7 Indian superstitions and the logic behind them!

“Touch wood”: Indian Superstitions and possible logics behind them

India is a country of rituals. We Indians do believe in a lot of things that are often called superstitions. But do these Indian superstitions carry any logic?Well, of course yes they do. India is a country where traditions breathe comfortably, where every second person is spiritual. We find ourselves in middle of the confusing state. On the one part, we question these superstitions and on the other hand, we accept them blindly. So what is the truth behind Indian Superstitions?

Superstitions in India
Superstitions in India(Indian superstitions)

Related : Sport stars and their superstitions

With the passage of time people came to know about the logic that these superstitions carry. Here is list of  top 7  Indian superstitions and possible logic behind them. So don’t follow them blindly:

1. Don’t step out during an eclipse it may affect your eyes

If you find this thing as a superstition, then you should know the logic behind it. Observing the Sun during a solar eclipse can cause retinal burns or eclipse blindness. So based on observations our ancestors concluded that one should not step out during an eclipse.

2. Do not sleep with your head facing the North- Preventing cardiovascular diseases

Elders of the family always tell us not to sleep facing head to North. All we can say is our ancestors must know about the relationship between Earth’s magnetic field and the human body’s field (bio magnetism). They made this rule of sleeping with your head towards South direction  because of the harmful effects related to blood pressure, and other diseases that asymmetry with the Earth’s magnetic field would create. However, today we only get to hear that ‘sleeping with one’s head in the north invites death.’

3. A girl should avoid certain things when her aunt comes

A girl should avoid doing certain things when she is menstruating not because she is considered impure but because of pain, she goes through. The first sanitary pads were invented in the year 1896, while commercial painkillers were not available before the 20th century. Before that, the five stressful days of menstruation which consists of cramps and pain for many women were dealt with Indian medicines. Therefore, women did not work during those days because of discomfort and slowly this became a ritual and now it is among one of the biggest Indian Superstitions.

There are logics behind them
There are logics behind them(Indian superstitions)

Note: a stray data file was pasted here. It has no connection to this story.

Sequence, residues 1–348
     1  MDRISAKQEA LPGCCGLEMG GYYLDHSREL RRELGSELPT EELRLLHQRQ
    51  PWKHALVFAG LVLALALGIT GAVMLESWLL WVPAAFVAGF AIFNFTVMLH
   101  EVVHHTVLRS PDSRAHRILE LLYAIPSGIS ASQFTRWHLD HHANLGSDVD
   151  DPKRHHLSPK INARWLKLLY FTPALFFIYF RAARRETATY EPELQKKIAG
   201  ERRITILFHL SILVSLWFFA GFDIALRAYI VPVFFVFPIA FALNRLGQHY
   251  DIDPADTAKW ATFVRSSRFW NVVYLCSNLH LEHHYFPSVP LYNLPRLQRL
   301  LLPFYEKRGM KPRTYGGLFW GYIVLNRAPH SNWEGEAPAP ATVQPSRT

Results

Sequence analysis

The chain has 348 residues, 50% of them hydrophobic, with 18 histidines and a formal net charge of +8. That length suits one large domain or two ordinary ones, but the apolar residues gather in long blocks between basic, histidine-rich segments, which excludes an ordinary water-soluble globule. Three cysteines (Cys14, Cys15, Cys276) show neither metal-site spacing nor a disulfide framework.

4. Don’t go near Peepal tree in night – Avoid inhaling carbon dioxide

Peepal tree is not a residence of the ghost. Before that, the world was clueless about the relation between sunlight, carbon dioxide that magically produces glucose for plants. Our ancestors probably knew about photosynthesis and the effects of inhaling carbon dioxide in the night. Our ancestors and elders tell us not to go near peepal tree in the night, so that we can avoid inhaling carbon dioxide.

5. Using combination of green chillies and lemon to avoid ‘buri nazar’

This is the most common Indian Superstitions that every other Indian believe. The nimbu totka which is one of the most visible ‘ Indian superstitions’ probably stems from a culture that encouraged their use because of the qualities of lemon and chili. Both the vegetables are highly rich in different vitamins, and thus our ancestors use those for different purposes which gradually changed to totka.

We should not follow them blindly
We should not follow them blindly(Indian superstitions)

6. Bath after attending funeral

We Indians perform this ritual. Whenever we attend someone’s funeral it’s compulsory to take bath after attending it. Always remember our ancestors did not have the vaccination against hepatitis, smallpox and other deadly diseases. Hence, they come up with a set of rituals to be followed after the funeral rites are performed so as to prevent infection from the dead body.

7. Don’t wash hair on certain days

We Indians avoid washing hair on certain says like Tuesday and Thursday. The logic behind this practice is of saving water. The practice of not washing the hair on certain days like Tuesday or Thursday are attributed by some to the water management practices.

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Radhika Srivastava

She loves to express her feelings via her write -ups! She is a young passionate writer who brings unusual ideas to explore the world.
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